The Power Line Show: Episode 2, With Tom Cotton and Bill Voegeli

Friday night we got the whole PL crew together for Episode 2 of the Power Line Show. We were joined by Senator-elect Tom Cotton and Bill Voegeli, author of The Pity Party. The president’s amnesty order and multiple email mysteries were the main topics of the day.

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The ascent of FOX News, &c.

The rise of FOX News Channel to its place as a dominant source of news on television is easily one of the most consequential journalistic developments of the past 25 years. The Baltimore Sun’s David Zurawik has written a timely column taking note noting and paying tribute to FNC’s steadfastness along the way.

As the channel’s Washington managing editor and anchor of what he turned into the best news program in the land, Brit Hume had more than a little to do with the success of the enterprise. Bill Kristol has just posted an 80-minute Conversation with Brit Hume (video below) covering the start-up of FNC and Hume’s work there. The conversation then reviews Hume’s career in journalism and considers the state of media today (the interview is broken into chapters at the link above). Suffice it to say that if you are an interested consumer of political news, this is must viewing.

One key passage occurs at 55:00-59:00 as Hume discusses his desire to overcome the “Times-centric” view of television news, first as a reporter at ABC, then when he was in a position of authority at FNC. Quotable quote: “After you got the hang of it, it was like picking up money off the street.”

U.S. to maintain Afghan combat role through 2015, but why?

President Obama has decided to authorize an active combat role for the U.S. military in Afghanistan for another year. This is a reversal. In May, Obama said that the American military would have no combat role in Afghanistan next year, and that missions for the troops remaining there would be limited to training Afghan forces and hunting the “remnants of Al Qaeda.”

However, now, as the New York Times reports, American forces will carry out missions against the Taliban and other militant groups in 2015. In addition, American jets, bombers and drones will be allowed to support Afghan troops on combat missions.

Regular readers know that I support an expansive U.S. military role in Afghanistan. But I don’t support such a role in 2015 unless our forces will also perform it thereafter.

If we’re going to withdraw after 2015, why expend American blood and treasure for another year? It’s impossible to believe that one more year of U.S. involvement will prevent the disaster that likely will follow the end of U.S. combat operations.

Obama has not ruled out a continuing U.S. combat role after 2015. And after 2016, the decision to withdraw or stay will be out of Obama’s hands.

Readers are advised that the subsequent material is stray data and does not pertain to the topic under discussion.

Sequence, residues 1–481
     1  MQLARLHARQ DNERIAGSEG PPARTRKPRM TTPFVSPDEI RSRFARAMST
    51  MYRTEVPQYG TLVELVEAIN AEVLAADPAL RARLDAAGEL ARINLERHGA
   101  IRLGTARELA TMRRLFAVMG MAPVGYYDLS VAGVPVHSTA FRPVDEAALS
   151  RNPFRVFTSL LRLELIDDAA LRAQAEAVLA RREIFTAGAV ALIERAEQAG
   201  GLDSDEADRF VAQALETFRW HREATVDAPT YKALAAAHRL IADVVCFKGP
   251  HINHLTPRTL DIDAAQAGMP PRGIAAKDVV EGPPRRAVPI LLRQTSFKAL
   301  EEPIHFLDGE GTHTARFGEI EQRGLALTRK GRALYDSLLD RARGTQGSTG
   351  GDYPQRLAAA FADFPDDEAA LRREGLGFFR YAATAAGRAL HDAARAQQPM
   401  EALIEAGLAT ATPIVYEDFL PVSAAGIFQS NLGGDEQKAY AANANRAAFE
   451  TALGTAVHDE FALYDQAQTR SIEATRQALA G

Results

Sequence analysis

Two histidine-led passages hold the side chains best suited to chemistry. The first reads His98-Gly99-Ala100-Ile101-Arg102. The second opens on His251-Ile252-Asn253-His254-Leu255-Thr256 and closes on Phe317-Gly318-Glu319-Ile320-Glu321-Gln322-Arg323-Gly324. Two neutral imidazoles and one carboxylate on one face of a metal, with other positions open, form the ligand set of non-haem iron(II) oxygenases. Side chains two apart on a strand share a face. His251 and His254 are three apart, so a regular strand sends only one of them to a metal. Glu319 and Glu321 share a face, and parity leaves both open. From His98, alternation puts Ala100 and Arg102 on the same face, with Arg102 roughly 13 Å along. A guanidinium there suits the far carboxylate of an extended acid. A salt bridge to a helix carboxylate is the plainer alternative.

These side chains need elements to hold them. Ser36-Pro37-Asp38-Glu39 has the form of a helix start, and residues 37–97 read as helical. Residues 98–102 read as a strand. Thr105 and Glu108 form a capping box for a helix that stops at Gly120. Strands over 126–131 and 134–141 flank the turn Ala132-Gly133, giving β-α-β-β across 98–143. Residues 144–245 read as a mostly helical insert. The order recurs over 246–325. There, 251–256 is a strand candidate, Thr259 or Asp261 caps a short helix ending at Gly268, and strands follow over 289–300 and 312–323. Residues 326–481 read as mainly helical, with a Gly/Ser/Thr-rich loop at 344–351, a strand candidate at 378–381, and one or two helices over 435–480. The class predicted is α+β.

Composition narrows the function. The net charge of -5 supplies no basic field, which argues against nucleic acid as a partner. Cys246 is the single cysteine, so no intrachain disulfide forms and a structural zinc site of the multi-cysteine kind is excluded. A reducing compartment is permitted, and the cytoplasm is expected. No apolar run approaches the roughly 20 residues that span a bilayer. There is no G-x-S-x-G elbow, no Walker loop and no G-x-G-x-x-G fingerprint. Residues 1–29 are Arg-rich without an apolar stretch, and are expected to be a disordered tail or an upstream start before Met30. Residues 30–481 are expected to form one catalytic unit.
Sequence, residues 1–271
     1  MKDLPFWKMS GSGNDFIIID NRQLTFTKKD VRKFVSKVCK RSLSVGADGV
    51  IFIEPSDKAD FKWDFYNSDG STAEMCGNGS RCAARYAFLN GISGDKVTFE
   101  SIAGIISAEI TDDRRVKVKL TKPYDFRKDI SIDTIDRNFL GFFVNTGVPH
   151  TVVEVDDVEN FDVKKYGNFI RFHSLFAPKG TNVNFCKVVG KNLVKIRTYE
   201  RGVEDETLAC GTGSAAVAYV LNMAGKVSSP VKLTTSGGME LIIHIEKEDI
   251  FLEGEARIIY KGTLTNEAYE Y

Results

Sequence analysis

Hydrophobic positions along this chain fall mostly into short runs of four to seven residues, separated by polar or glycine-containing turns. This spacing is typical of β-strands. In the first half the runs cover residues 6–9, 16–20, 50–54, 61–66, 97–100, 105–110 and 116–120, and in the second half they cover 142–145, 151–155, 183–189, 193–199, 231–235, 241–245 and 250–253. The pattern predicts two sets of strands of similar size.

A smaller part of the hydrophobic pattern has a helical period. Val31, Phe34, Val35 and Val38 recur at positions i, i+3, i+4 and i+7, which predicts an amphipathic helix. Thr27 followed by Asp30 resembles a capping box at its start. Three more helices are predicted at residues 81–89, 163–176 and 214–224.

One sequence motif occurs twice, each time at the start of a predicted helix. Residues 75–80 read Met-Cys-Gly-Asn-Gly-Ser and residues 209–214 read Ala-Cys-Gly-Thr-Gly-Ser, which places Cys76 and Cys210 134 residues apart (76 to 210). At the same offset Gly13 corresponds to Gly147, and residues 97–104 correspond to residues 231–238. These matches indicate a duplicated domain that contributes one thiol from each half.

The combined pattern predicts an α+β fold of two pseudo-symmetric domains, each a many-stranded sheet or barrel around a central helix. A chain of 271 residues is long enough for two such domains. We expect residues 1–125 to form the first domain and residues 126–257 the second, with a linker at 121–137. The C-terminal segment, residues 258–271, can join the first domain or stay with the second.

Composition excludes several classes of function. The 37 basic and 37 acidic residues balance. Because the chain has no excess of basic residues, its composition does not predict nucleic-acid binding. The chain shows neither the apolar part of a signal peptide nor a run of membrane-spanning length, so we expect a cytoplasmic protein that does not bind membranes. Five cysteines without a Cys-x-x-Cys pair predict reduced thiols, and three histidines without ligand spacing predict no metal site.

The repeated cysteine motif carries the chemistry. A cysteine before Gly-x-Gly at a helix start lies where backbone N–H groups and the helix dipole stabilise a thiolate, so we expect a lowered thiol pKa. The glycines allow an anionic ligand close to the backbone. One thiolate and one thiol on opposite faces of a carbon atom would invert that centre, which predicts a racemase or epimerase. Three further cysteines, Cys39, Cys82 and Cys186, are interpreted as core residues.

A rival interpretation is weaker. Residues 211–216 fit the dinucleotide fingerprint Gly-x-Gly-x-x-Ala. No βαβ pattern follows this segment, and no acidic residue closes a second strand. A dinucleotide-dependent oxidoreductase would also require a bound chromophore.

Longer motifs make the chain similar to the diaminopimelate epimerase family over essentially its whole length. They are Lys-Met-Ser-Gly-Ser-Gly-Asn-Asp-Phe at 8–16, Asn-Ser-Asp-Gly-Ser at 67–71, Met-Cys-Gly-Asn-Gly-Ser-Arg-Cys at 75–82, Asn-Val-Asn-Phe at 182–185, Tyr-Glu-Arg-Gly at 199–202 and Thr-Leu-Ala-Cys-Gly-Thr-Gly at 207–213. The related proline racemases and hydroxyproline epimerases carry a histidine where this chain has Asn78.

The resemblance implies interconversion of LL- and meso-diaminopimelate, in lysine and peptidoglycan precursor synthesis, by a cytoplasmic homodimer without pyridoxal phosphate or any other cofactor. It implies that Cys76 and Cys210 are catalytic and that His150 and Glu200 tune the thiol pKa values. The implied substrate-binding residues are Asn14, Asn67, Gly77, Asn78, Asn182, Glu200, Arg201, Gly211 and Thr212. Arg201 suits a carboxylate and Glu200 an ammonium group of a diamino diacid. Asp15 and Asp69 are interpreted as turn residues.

But that’s precisely why Obama is unlikely to authorize continued fighting after 2015. He has always wanted to end American involvement in the Afghan war, seeing this as part of his legacy. In all likelihood, then, Obama will end the American combat mission after 2015.

Why, then, has he approved one more year of fighting? The answer, I’m pretty sure, is politics.

In his present politically-wounded state, Obama is not ready for a second Iraq-style foreign policy/security disaster. The Times article suggests as much.

By this time next year, Obama hopes, the tide won’t be running so strongly against him. In any case, he will be a true lame duck by then.

This, from Obama’s perspective, will be the best time to end the combat mission in Afghanistan and cement his legacy as ender-of-wars. It will be a pity if, in the meantime, Americans die for no better reason than Obama’s sense of optimal political timing.

More on “more than fair”

Yesterday, I wrote about the report on Benghazi issued by the House Permanent Select Committee on Intelligence. The report found essentially no fault on the part of the CIA or the military in its response the attack in Benghazi — findings that I consider sound.

The report also finds that the administration’s subsequent narrative about the attack was the product of a “flawed” process. What’s more it finds that aspects of the narrative were inaccurate. However, it did not find willful deception or bad faith on the part of any administration official.

The administration and its supporters will, I assume, construe the lack of such findings as exoneration. They should not.

The Committee made no determination one way or another as to the motivation and thought processes of Susan Rice and other administration officials involved in the post-attack spin. It found neither bad faith and dishonesty nor their absence.

Why didn’t the Committee make such findings, one way or the other? The main reason, I suspect, is that the Republican members wanted bipartisan agreement as to the facts (including the fact that Rice’s comments were inaccurate). Keep in mind too that the House Intelligence Committee is something of an island of bipartisanship in the stormy seas of Capitol Hill, which is probably a good thing given the vital and sensitive nature of its work.

Republican members must also have been mindful that Trey Gowdy’s special committee is tasked investigating the Obama administration’s post-attack behavior, among other things. Thus, the honesty and good faith of Team Obama (or the lack thereof) remains the subject of an important, well-publicized House investigation. Indeed, by not opining on this subject, the Intelligence Committee invites Gowdy’s committee to focus sharply on it, and precludes any valid claim that the issue was resolved by another committee.